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Celebrate National Pizza Day With Great Pizza History

By on Thursday, February 9th, 2023 at 5:45 pm | 943 views

A cheese pie from best pizza

February 9 is National pizza day. Don’t worry if you thought this was in October, which is National Pizza Month. Today is dedicated to pizzas of all sorts — so don’t confuse today with September 5, dedicated to National Cheese Pizza Day, September 20 for Pepperoni Pizza, and October 11 for Sausage pizza. Apparently, the nation loves pizza.

The first pizzas as we think of them today were created in 19th century Naples in working class neighborhoods. Popular styles included fried pizza, although these were more expensive because heating oil all day cost a lot of fuel. There were also pizza sellers who would travel the streets selling pre-made pizza known as pizzeria ambulante. And Neapolitans also had folded pizza, known as Calzone.

Outside of Naples, nobody knew what a pizza was until the 20th century. Other regions of Italy had flat breads, but none topped with sauce and cheese.

When Italian immigrants arrived in America, they too had a craving for pizza. Lombardi’s in New York City is credited with selling the first pizzas in America, and pizzaiolo who worked there opened other early pizzerias John’s, Patsy’s, and Totonno’s.

Joe Papa’s was launched soon after in Trenton, New Jersey selling Trenton tomato pies. In 1925, Frank Pepe began selling New Haven style “apizzas”. Patsy’s in Paterson, New Jersey was selling pies to factory workers in the fabric and clothing district by 1931.

Italian Americans also invented pepperoni which quickly began a popular topping for pizza.

New York style pizzas in early American pizzas along the east coast were typically baked in bread ovens rather than dedicated Neapolitan style pizza ovens. The meant the ovens were bigger, and the pies were bigger too.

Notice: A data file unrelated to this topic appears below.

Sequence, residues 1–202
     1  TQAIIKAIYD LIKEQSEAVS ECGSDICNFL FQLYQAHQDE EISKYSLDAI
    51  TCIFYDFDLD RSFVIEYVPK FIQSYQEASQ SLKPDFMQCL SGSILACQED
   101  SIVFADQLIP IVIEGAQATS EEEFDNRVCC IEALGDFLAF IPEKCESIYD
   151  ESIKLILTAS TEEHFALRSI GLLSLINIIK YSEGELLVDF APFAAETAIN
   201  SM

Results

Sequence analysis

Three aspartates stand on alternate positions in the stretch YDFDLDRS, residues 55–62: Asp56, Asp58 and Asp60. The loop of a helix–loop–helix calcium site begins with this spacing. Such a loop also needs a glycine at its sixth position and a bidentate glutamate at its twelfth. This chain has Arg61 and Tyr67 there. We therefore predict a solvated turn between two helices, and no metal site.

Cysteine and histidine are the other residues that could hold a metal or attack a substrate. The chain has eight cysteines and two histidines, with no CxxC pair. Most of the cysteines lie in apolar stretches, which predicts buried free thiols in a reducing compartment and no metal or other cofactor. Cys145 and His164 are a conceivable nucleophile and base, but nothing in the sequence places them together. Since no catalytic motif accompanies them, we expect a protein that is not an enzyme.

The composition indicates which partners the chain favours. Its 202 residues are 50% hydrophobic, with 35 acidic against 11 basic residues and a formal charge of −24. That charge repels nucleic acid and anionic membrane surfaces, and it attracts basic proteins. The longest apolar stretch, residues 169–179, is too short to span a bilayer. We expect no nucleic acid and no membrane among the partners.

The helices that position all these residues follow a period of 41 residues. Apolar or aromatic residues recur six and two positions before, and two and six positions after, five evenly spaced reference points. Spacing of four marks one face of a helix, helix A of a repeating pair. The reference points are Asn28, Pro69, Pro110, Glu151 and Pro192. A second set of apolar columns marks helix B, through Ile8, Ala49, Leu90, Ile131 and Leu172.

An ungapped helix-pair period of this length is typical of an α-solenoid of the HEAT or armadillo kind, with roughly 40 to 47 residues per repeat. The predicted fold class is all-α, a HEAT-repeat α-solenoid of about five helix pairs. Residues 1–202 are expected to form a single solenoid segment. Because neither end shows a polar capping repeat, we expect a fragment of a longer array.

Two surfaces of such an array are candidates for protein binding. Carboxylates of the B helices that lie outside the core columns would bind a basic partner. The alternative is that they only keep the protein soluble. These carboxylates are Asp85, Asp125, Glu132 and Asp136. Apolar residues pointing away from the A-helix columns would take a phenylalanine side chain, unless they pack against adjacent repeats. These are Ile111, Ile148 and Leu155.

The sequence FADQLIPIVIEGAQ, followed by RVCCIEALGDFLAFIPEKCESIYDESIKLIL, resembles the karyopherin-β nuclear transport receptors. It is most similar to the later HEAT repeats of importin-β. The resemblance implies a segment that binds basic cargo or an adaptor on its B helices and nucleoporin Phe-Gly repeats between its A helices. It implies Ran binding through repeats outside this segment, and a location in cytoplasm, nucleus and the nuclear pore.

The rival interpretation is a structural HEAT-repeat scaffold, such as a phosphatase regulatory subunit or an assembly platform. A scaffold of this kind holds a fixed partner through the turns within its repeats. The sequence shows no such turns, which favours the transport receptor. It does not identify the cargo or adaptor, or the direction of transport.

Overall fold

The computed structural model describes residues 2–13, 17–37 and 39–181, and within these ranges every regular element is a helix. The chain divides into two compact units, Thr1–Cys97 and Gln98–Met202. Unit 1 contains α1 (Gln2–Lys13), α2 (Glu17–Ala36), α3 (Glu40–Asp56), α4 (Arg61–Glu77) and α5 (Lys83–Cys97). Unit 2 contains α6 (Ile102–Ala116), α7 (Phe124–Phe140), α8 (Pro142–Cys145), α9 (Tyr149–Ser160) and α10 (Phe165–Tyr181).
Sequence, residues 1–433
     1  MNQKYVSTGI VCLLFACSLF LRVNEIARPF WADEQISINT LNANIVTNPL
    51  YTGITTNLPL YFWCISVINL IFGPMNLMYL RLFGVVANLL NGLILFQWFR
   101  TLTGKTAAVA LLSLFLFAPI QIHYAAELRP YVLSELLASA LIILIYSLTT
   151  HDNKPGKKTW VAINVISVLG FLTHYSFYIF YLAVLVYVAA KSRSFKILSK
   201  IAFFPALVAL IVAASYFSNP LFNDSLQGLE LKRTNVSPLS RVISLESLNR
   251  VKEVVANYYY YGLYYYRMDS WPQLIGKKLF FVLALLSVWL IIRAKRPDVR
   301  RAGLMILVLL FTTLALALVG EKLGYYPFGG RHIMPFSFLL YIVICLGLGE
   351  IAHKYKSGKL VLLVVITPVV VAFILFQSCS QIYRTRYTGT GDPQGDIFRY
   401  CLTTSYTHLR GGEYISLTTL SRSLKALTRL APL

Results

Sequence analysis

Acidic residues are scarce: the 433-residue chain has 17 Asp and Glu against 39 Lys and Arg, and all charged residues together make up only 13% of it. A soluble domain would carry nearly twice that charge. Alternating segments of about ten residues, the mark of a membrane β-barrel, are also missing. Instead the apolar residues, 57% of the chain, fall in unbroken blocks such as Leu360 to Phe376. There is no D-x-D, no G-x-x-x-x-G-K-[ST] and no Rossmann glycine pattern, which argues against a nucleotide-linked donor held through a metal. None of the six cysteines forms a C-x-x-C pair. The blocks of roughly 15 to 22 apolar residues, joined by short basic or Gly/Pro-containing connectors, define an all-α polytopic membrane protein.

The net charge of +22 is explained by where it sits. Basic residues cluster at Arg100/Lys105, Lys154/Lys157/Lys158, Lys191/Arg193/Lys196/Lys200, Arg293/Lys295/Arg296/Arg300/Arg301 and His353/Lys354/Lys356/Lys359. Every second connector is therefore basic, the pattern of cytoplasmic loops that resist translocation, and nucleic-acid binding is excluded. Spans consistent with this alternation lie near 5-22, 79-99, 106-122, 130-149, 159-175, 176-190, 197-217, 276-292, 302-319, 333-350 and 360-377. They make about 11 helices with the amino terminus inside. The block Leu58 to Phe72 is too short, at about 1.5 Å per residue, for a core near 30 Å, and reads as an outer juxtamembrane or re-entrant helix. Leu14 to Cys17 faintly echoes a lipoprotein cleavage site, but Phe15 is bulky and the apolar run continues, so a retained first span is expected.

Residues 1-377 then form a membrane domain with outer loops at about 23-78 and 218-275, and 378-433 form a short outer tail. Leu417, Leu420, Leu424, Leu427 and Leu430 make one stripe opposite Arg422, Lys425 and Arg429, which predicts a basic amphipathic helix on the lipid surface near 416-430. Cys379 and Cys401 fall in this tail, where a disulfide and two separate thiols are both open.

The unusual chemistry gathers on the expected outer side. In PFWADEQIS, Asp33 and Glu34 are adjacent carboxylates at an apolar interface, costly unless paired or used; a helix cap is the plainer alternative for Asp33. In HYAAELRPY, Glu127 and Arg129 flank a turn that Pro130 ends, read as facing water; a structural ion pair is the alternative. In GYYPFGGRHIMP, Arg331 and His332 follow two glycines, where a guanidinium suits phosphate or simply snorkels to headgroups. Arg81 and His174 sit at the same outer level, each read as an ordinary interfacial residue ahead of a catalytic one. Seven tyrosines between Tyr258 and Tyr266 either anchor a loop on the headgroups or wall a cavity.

The real innovations came in the post World War II era. Ira Nevin, an engineer in the army, invented a new type of oven. He descended from brick layers who knew a thing or two about ovens. The big innovation was inventing a gas-fired pizza oven. Before Nevin, most pizzas ovens were fueled by coal or wood, meaning they were difficult to maintain and keep hot. Nevin’s oven were hot within minutes with gas supplied straight from the street.

The gas oven made pizza more accessible and non-Italians began eating regularly. Take out food became a popular choice. Other marketing efforts led to new products like English Muffin Pizza.

Gas ovens allowed fast food pizzerias like Domino’s, Pizza Hut, and Papa John’s to spread quickly across the midwest. These pizzerias developed new innovations like stuffed crust and stuffed pizza.

During the Tiki craze of the 1960s, a Canadian invented Hawaiian pizza.

Other innovations included frozen pizzas. Chef Boyardee actually sold pizza kits with dough, sauce, and cheese, but the with innovation of grocery store freezers, pre-cooked pizzas that were heated in the oven became an easy convenience food. That led to things like including French Bread Pizza and Bagel pizza. Other products included various >frozen foods like Toasterinos.

Pizza slices started getting bigger as the 20th century progressed. New York style pizza was typically an 18 inch diameter pie with a 9 inch slice. But that didn’t stop some pizzerias from pushing how big the largest Pizza in America could be. They actually pushed the limit, and the 36 inch pizza is no longer available.

It’s all come back around though. By the 2000s, Neapolitan style pizza was booming with new luxury brands launching. A new renaissance of gourmet pizza was sprung up in Brooklyn with places like Roberta’s, Motorino, Ops, Fornino, and others.

Pizza Styles

Bagel pizza
French Bread Pizza
English Muffin Pizza
Calzone
Hawaiian Pizza
Largest Pizza in America